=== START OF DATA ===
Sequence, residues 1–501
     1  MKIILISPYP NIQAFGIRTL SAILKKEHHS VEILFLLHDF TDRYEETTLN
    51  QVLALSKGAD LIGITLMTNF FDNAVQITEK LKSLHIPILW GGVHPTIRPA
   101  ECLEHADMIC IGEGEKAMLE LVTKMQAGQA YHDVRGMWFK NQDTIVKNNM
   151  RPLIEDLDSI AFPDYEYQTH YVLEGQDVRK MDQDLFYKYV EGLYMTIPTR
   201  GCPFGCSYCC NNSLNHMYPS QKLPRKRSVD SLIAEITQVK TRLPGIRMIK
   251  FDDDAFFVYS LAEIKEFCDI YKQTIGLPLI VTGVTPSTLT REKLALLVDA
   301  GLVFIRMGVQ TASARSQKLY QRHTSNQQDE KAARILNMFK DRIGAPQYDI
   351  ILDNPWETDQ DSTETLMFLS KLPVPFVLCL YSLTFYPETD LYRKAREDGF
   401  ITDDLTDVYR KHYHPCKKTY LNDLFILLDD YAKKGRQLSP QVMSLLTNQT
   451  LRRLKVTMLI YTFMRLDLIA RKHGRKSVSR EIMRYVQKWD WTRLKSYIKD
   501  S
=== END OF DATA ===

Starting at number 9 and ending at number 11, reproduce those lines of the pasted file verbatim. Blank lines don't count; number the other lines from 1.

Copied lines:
   351  ILDNPWETDQ DSTETLMFLS KLPVPFVLCL YSLTFYPETD LYRKAREDGF
   401  ITDDLTDVYR KHYHPCKKTY LNDLFILLDD YAKKGRQLSP QVMSLLTNQT
   451  LRRLKVTMLI YTFMRLDLIA RKHGRKSVSR EIMRYVQKWD WTRLKSYIKD